To find candidates with the imagination required to help it meet its sustainability goals, IKEA is serving 3D-printed vegan meatballs in job interviews.
What does a major global company do when it wants to attract top talent to help it reach its sustainability goals? It serves them 3D-printed vegan meatballs of course!
Hoping to fill key data and technology roles in Europe, IKEA has come up with a novel idea to test who has the imagination required to work for the brand.
Candidates will be invited to share their ideas for innovation as they discuss their ideas over a plate of 3D-printed vegan versions of the chain’s iconic meatballs.
According to the company, its “Taste the Future” campaign ‘aims to entice a diverse and extraordinary range of tech talent through a unique, tasty and thought-provoking job interview’.
IKEA’s hiring campaign launches a week after the furniture giant announced that it was on track to become climate positive by 2030.
To test their imagination, candidates will be served IKEA’s 3D-printed vegan meatballs in job interviews. Image credit: IKEA.
Using the latest innovation in 3D food printing technology, IKEA has been able to ‘recreate the texture, flavour and appearance of the IKEA meatball without the meat.’
However, if you were hoping to try IKEA’s 3D-printed vegan meatballs for yourself, sadly you’ll have to wait for now as currently they are an experiment designed for this recruitment campaign
But worry not because you can find IKEA’s vegan meatballs on the menu at its in-store restaurants where they are served with mashed potatoes, lingonberries, and cream sauce.
The Plant Balls are also available in the store’s Swedish Food Markets in the frozen section where you can grab a bag to enjoy at home.
‘Create a better everyday life’
Explaining why IKEA is serving up prospective employees 3D-printed vegan meatballs, Inter IKEA Group CIO Pascal Pauwels said: “IKEA is at the start of a journey to embrace data and technology to become more affordable, accessible and sustainable in an omnichannel environment.
“Naturally people with imagination will play a big role in that quest. So here we’re looking for people who want to create a better everyday life with us. This campaign is a great way to start the conversation.”
“We’re looking for down-to-earth data scientists, future architects, cyber guardians, unboxed engineers and common sense-makers. People who want to co-create a better everyday life at home for the many with thin wallets,” added Karen Rivoire, IKEA Employer Brand Leader.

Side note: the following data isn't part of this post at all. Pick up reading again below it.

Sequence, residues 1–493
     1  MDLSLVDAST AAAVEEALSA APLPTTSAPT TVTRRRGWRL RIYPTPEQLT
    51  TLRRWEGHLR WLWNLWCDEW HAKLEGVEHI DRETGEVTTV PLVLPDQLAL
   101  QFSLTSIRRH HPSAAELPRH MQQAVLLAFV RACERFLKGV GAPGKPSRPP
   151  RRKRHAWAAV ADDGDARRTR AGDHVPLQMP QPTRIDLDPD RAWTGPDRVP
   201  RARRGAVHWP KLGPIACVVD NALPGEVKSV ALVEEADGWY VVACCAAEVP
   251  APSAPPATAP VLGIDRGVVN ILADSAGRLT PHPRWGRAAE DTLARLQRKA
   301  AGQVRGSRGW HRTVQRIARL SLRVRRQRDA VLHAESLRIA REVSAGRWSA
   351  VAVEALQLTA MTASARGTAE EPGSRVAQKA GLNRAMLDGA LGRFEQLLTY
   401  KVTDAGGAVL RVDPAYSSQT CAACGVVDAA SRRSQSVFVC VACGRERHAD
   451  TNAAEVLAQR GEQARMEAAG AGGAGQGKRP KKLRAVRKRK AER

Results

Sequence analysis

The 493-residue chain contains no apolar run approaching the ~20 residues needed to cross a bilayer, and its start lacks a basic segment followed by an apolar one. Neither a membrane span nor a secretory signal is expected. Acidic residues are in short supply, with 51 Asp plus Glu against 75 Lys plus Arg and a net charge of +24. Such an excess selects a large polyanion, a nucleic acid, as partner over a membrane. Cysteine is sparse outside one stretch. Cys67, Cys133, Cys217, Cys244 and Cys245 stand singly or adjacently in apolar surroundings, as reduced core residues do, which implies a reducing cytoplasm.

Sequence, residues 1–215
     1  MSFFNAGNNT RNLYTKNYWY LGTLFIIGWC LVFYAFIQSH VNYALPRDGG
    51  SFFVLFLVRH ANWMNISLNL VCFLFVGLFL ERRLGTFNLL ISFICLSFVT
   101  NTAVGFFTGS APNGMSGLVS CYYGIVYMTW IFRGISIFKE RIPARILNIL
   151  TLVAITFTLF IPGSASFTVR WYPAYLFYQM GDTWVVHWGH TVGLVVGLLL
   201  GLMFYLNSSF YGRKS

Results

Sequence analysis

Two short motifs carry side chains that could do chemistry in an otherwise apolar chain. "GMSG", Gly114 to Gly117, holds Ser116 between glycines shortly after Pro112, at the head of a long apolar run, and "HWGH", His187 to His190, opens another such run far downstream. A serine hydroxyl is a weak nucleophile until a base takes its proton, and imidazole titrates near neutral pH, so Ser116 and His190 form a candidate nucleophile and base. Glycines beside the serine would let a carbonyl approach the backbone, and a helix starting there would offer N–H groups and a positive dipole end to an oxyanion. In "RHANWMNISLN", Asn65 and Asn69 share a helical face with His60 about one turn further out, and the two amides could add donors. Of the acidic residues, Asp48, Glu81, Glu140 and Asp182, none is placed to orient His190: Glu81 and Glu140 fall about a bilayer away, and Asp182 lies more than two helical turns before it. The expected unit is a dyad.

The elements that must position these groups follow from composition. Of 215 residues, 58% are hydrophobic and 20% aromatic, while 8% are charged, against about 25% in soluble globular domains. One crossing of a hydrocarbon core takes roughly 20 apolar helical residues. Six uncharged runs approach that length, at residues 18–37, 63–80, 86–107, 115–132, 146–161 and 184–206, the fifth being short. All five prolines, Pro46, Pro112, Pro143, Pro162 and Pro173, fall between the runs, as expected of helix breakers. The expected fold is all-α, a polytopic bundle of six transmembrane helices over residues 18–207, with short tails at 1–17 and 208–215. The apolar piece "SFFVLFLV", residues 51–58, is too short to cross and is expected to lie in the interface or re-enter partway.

IKEA’s plant-based menu pledge
As part of its ambitious sustainability drive, IKEA has pledged to make its in-store menu 50% plant-based by the year 2025.
Already on the menu is a veggie hot dog which is actually cheaper than its meat counterpart, as well as the iconic veggie Swedish meatballs and even dairy-free soft serve.
In addition to this, IKEA will be making 80% of all their packaged food plant-based in a bid to become more climate positive by 2030.
Subsequently, the Swedish chain hopes that this plant-based shift will inspire more people to choose healthier and more sustainable options at IKEA
IKEA has added a number of plant-based dishes to its menu in recent years, including vegan soft-serve ice cream.
IKEA’s sustainability target
The flat-pack furniture giant has also been focusing on phasing out all single-use plastic products from its stores and restaurants amid growing concern about the effects of plastic on the environment.
In 2018, IKEA announced plans to phase out plastic straws, plates, cups, freezer bags, bin bags, and plastic-coated paper plates and cups.
As of January 2020, the Swedish furniture chain met its goal of phasing out single-use plastics and is aiming to ensure all its plastic products are made using recycled materials.
By 2030, IKEA aims to replace all plastic used in its products with alternatives made from renewable or recycled materials. It has invested in a plastics recycling plant to help push the plan forward.
Got a craving for meatballs now?
Make yourself an epic vegan meatball sub!